I see them quite regularly at events. The caped, fringed frocks worn by riflemen and militia during the War. They were fairly prevalent, easy to make, durable and effective as an outer garment.
What's the problem you ask?
We didn't have them on this end of the frontier... Other than the rifle companies that journeyed North to fight under Washington and some Continental units that used them as impromptu regimentals, you shouldn't be wearing one if you re-enact a unit of the NY Frontier. Yet I see "milita" wearing them all over the place. Why? For the same reasons they were popular in the period. Except now you can add "it's close enough" to the list.
"...he has a rough case for his tomahawk with a button, and it hangs in a leathern sling down his side like a hanger, between his coat and waistcoat..."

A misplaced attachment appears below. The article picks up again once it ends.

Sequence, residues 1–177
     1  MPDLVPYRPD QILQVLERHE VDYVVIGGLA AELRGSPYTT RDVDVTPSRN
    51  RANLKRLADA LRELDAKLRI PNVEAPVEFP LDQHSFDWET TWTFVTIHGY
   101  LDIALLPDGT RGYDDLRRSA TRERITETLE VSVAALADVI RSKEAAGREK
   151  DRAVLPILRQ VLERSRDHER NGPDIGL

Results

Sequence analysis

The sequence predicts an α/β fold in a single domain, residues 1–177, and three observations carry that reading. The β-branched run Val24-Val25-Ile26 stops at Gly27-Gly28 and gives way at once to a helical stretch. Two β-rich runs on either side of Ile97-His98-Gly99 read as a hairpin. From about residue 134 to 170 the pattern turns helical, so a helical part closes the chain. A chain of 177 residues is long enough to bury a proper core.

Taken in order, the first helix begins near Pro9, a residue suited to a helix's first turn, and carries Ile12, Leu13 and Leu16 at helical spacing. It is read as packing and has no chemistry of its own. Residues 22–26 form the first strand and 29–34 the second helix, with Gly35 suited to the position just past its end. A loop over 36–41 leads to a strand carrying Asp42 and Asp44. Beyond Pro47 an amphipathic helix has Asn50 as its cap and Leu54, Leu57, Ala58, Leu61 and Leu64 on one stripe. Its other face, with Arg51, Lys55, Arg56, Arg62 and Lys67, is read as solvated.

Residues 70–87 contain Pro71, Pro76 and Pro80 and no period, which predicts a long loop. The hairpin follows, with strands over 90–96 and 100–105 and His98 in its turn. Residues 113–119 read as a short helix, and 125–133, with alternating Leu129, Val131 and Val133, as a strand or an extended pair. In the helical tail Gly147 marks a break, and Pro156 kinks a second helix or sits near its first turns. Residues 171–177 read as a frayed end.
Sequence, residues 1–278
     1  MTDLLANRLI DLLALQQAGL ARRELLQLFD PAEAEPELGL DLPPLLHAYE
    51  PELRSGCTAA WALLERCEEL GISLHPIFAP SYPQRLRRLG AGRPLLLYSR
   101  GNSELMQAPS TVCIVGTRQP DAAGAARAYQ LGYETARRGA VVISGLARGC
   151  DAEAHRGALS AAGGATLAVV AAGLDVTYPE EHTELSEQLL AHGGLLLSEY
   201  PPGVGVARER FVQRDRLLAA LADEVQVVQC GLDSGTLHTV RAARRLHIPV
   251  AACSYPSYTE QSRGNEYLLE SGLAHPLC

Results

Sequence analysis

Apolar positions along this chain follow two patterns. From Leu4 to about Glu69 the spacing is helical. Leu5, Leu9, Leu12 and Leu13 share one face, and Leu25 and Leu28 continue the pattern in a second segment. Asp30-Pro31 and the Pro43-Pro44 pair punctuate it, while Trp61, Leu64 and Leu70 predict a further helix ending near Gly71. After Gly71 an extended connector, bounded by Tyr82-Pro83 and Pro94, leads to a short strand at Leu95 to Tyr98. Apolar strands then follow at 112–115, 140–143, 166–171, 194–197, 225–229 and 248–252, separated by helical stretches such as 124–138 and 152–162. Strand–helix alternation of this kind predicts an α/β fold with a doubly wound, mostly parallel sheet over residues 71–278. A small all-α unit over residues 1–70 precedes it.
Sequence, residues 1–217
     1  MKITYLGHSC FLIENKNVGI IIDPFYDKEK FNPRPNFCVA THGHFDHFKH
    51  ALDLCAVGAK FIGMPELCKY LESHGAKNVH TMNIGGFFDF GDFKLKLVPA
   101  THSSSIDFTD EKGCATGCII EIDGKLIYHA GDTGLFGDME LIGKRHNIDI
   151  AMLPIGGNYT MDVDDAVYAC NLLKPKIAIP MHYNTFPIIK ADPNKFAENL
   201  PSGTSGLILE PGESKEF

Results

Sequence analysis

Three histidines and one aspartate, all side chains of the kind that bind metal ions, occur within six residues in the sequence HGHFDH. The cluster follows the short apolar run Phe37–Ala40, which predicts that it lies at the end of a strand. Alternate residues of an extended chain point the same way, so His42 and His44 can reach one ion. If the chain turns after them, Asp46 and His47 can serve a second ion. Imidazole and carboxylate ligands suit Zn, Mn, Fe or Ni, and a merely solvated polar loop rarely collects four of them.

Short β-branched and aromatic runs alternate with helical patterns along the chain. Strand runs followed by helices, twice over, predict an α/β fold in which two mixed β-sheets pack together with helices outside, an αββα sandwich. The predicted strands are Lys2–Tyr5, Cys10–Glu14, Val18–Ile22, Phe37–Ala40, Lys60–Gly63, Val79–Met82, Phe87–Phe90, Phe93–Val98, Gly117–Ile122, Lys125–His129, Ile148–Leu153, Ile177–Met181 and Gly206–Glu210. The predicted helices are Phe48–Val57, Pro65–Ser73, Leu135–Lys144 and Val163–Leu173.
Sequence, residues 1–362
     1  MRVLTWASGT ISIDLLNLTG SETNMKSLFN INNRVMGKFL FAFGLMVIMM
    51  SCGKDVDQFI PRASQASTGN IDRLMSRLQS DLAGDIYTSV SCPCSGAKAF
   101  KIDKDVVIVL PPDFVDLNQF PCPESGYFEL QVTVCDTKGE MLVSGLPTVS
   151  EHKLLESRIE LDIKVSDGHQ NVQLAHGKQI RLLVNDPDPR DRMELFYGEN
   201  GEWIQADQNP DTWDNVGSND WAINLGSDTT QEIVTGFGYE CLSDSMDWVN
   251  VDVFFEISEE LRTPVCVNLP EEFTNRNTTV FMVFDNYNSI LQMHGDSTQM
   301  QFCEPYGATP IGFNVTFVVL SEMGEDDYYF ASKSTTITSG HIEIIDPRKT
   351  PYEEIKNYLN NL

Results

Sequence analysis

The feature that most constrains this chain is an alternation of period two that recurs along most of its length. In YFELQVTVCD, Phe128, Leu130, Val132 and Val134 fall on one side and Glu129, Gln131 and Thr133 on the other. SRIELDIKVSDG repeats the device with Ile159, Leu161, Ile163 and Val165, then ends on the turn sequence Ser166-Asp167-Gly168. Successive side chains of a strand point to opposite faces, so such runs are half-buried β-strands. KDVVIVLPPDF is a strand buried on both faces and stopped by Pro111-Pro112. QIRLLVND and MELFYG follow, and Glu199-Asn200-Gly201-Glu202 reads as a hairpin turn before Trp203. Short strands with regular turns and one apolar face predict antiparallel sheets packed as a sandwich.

I've been "working on" a case for my hatchet for months now. I finally got it done tonight. It's a light, efficient and comfortable way to carry my "Mohawk belt Ax". I got the idea from the above F&I era quote, fortified by a Mark Baker article and then was provided this pic of A. Henry's tomahawk case, ca. 1786:
I just greased it lightly with some deer tallow/beeswax and am letting it dry. Perhaps I will do a little incise decoration on it later on.